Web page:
What is Big Think?  

We are Big Idea Hunters…

We live in a time of information abundance, which far too many of us see as information overload. With the sum total of human knowledge, past and present, at our fingertips, we’re faced with a crisis of attention: which ideas should we engage with, and why? Big Think is an evolving roadmap to the best thinking on the planet — the ideas that can help you think flexibly and act decisively in a multivariate world.

A word about Big Ideas and Themes — The architecture of Big Think

Big ideas are lenses for envisioning the future. Every article and video on bigthink.com and on our learning platforms is based on an emerging “big idea” that is significant, widely relevant, and actionable. We’re sifting the noise for the questions and insights that have the power to change all of our lives, for decades to come. For example, reverse-engineering is a big idea in that the concept is increasingly useful across multiple disciplines, from education to nanotechnology.

Themes are the seven broad umbrellas under which we organize the hundreds of big ideas that populate Big Think. They include New World Order, Earth and Beyond, 21st Century Living, Going Mental, Extreme Biology, Power and Influence, and Inventing the Future.

Big Think Features:

12,000+ Expert Videos

1

Browse videos featuring experts across a wide range of disciplines, from personal health to business leadership to neuroscience.

Watch videos

World Renowned Bloggers

2

Big Think’s contributors offer expert analysis of the big ideas behind the news.

Go to blogs

Big Think Edge

3

Big Think’s Edge learning platform for career mentorship and professional development provides engaging and actionable courses delivered by the people who are shaping our future.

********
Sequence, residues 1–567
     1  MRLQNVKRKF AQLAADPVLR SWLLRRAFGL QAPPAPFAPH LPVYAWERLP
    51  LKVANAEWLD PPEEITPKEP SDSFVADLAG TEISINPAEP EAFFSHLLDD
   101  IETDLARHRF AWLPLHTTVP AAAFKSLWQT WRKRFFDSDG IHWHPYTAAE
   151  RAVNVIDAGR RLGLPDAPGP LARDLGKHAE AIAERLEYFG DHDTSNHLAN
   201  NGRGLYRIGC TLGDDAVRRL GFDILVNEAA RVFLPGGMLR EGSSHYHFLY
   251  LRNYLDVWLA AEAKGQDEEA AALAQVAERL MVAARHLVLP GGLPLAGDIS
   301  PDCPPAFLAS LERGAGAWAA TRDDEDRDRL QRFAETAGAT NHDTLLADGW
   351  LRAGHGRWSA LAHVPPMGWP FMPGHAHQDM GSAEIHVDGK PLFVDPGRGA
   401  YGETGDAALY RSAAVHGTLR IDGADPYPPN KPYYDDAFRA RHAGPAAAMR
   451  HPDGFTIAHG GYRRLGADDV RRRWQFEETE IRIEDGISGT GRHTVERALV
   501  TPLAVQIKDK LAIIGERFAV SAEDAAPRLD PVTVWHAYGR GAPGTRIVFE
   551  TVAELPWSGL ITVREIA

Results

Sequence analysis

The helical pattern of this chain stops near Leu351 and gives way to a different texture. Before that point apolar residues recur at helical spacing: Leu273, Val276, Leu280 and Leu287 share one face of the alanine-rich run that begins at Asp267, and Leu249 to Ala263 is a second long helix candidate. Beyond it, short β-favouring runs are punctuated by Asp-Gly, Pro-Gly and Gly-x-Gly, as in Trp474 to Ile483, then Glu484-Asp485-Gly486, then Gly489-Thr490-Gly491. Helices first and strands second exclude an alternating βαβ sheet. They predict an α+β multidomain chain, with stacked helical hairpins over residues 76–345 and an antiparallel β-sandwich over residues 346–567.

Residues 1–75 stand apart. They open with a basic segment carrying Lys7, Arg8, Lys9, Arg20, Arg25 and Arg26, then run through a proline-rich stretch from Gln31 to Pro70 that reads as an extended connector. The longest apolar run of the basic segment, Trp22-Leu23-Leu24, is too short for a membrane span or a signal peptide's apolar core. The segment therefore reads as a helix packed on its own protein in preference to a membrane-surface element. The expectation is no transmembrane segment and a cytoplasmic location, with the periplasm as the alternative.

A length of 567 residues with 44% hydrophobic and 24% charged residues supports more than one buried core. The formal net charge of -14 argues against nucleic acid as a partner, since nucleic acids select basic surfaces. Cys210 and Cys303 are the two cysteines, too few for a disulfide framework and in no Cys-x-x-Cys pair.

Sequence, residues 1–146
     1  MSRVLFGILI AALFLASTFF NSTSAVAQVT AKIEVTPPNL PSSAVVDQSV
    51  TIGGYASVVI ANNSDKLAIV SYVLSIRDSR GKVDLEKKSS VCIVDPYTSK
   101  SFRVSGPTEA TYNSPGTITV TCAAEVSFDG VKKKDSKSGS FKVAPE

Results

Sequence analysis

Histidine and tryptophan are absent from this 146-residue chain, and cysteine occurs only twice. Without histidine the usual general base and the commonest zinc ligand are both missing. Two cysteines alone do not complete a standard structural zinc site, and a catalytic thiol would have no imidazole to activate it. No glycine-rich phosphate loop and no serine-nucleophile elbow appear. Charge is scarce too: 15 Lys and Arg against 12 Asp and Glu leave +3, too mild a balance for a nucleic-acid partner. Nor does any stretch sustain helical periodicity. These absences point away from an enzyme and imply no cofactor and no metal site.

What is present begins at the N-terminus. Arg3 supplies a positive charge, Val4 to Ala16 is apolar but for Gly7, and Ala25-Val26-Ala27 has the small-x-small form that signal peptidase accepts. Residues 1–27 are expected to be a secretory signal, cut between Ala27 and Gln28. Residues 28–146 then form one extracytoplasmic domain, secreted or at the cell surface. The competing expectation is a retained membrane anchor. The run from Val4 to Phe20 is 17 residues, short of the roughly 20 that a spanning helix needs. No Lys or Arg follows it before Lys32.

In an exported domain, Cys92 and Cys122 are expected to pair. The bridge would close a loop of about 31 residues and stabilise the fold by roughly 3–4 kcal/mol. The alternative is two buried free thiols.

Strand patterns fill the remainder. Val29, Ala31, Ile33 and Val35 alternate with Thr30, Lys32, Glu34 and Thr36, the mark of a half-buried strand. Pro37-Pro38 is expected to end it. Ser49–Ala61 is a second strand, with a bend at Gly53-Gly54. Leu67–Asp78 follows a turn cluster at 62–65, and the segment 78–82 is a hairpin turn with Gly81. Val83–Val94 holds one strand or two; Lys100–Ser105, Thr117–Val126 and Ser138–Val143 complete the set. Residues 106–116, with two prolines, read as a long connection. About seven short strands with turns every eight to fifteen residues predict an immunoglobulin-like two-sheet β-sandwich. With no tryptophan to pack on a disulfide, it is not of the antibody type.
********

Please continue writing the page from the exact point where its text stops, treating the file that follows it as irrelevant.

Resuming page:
Find out more
Close
With rendition switcher

Transcript

Question: What's the difference between small and large corporations?

Clifford Schorer: I think in a major corporation you really have to focus a great deal on organization. You have to focus on the hierarchy of making it function, the different groups within the company and what they're doing and how they're balanced out and if you're maximizing return for investors and things like that. I think that's what top management does. I don't know many top managers who sit around saying, "Gee, let me come up with creative ideas." They're hoping that people are doing that for them. When an entrepreneurial company your whole management team has to be filled with ideas, has to be flexible, ready to change, and that has to become part of the culture so the culture is dramatically different. If you look and you said you wanted to run the military in a certain way, well, you can't run it as a democracy of entrepreneurs because it would never function. Right? A guy couldn't say, "Gee, I don't feel like flying the plane today. It's not a good day to do that," whereas in an entrepreneurial company you have to have the kind of people who say, "I'm going to take part here and I'm going to do what I have to do and we're going to — we got to look at this this way and maybe not be afraid of countering current leadership, not being afraid of challenging the people that are running the company because you don't want to hire a bunch of people who just agree with what you think. You want to have people that stimulate you. So I think that's the difference in style.

Recorded on: 5/13/08

More from the Big Idea for Friday, June 17 2011

 

The Differences Between Sma...

Newsletter: Share: